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Blind tadpoles learn visually after researchers graft eyes onto tails and treat them with neurotransmitter drugs

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Blind tadpoles learn visually after researchers graft eyes onto tails and treat them with neurotransmitter drugs

Blind tadpoles were able to process visual information from eyes grafted onto their tails after being treated with a small molecule neurotransmitter drug that augmented innervation, integration, and function of the transplanted organs, according to a paper published online today by researchers at the Allen Discovery Center at Tufts University in npj Regenerative Medicine, a Nature Research journal. The work, which used a pharmacological reagent already approved for use in humans, provides a potential roadmap for promoting innervation – the supply of nerves to a body part – in regenerative medicine.

The researchers sought to better understand how the nascent nerves of re-grown or implanted structures integrate into a host. A lack of innervation and integration can be a barrier in regenerative medicine, particularly for sensory organs that must form connections with the host to communicate auditory, visual and tactile information.

In an effort to identify ways to increase innervation, researchers grafted eyes onto the trunk of the tails of blind tadpoles. They then treated the animals with Zolmitriptan, a compound that activates serotonin receptors 1B and 1D (5-HT1B/D), which have been associated with neural development. Treated tadpoles showed a significant increase in graft innervation without changes to the host’s original nervous system.

The researchers then tested the tadpoles’ ability to distinguish color by creating a test in which the tadpoles were discouraged from occupying a red space in favor of a blue one. Seventy-six percent of sighted tadpoles passed the test. Only 3 percent of blind tadpoles passed the test, while 11 percent of blind tadpoles with eye grafts did so. But among tadpoles with eye grafts that had been treated with 5-HT1B/D and seen graft innervation as a result, 29 percent passed the test.

In addition to testing the tadpoles’ ability to detect color, the researchers also tested true image-forming vision, by determining the tadpoles’ ability to follow optical patterns rotating in clockwise and counterclockwise directions. Dishes of tadpoles were placed above an LCD screen displaying patterns of triangular clusters rotating slightly every second. Eighty percent of sighted tadpoles followed the pattern compared to 38 percent of blind tadpoles and 32 percent of tadpoles with untreated eye grafts. By contrast, 57 percent of tadpoles with innervated eye grafts induced by exposure to the 5-HT1B/D agonist drug were able to follow the rotating patterns.  Importantly, this drug is currently in use for treatment of migraine in human patients, providing a proof-of-principle of repurposing neurotransmitter drugs for regenerative medicine in general, and for control of innervation and transplanted organ functionality specifically.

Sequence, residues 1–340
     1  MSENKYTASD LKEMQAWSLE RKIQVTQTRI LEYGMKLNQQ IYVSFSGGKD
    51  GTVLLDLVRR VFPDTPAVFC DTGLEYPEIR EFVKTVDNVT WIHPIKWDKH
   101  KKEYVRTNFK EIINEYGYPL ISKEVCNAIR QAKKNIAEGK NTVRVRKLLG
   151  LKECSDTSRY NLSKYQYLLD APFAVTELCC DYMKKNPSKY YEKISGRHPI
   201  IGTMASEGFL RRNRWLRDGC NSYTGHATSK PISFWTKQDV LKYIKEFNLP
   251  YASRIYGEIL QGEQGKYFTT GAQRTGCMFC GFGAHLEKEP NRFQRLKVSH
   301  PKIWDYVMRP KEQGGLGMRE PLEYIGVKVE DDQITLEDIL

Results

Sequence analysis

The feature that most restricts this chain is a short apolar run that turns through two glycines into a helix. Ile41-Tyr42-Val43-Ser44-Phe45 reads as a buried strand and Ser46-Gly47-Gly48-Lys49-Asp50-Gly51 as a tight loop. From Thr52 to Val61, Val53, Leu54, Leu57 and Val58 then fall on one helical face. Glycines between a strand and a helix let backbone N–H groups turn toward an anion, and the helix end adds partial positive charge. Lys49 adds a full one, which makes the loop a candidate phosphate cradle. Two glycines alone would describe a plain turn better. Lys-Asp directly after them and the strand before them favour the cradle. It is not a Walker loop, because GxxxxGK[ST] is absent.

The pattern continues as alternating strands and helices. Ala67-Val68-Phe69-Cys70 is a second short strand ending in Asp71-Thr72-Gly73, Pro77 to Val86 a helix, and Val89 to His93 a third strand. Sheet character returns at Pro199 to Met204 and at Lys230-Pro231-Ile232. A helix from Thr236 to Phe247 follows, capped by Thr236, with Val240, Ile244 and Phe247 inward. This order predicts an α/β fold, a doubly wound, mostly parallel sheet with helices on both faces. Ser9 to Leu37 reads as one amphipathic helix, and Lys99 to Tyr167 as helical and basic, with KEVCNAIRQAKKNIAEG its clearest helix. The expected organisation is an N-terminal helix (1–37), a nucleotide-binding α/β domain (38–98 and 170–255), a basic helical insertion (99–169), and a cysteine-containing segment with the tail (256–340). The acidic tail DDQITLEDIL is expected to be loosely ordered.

“For regenerative medicine to move forward and enable the repair of damaged tissues and organ systems, we need to understand how to promote innervation and integration of transplanted organs,” said the paper's corresponding author, Michael Levin, Ph.D., Vannevar Bush professor of biology and director of the Allen Discovery Center at Tufts and the Tufts Center for Regenerative and Developmental Biology. “This research helps illuminate one way to promote innervation and establish neural connections between a host central nervous system and an implant, using a human-approved small molecule drug.”       

While studies have examined how human-machine interfaces - including cochlear implants and retinal prosthetics - may be used to treat deafness and blindness, this research examines brain-body plasticity using novel neurogenesis to integrate biological implants, added co-author Douglas Blackiston, post-doctoral associate, Department of Biology and Center for Regenerative and Developmental Biology, Tufts University. 

“The fact that the grafted eyes in our model system could transmit visual information, even when direct connections to the brain were absent, suggests the central nervous system contains a remarkable ability to adapt to changes both in function and connectivity,” said Blackiston.

 

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